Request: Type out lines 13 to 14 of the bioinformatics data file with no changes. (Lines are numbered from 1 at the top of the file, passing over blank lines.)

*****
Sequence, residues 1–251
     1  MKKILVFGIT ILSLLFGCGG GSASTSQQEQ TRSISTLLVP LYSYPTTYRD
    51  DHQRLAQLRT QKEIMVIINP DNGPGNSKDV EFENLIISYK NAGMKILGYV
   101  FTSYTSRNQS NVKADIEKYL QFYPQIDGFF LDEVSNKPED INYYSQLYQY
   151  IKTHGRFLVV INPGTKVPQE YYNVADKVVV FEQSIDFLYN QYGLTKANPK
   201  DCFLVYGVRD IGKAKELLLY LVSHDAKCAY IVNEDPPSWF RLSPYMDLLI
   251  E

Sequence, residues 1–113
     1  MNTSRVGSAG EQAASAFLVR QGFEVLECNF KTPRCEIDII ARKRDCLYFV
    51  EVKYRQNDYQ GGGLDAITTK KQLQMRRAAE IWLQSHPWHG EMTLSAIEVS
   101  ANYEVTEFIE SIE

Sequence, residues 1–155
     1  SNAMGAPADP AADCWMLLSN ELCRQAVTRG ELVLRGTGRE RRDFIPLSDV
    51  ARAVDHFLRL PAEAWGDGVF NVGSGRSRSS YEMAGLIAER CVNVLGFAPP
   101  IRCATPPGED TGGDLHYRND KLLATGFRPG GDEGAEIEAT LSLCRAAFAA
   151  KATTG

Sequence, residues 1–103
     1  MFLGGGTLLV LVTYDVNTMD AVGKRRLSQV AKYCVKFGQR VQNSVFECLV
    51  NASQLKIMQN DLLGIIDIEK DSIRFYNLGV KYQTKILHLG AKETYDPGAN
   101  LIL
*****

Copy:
     1  SNAMGAPADP AADCWMLLSN ELCRQAVTRG ELVLRGTGRE RRDFIPLSDV
    51  ARAVDHFLRL PAEAWGDGVF NVGSGRSRSS YEMAGLIAER CVNVLGFAPP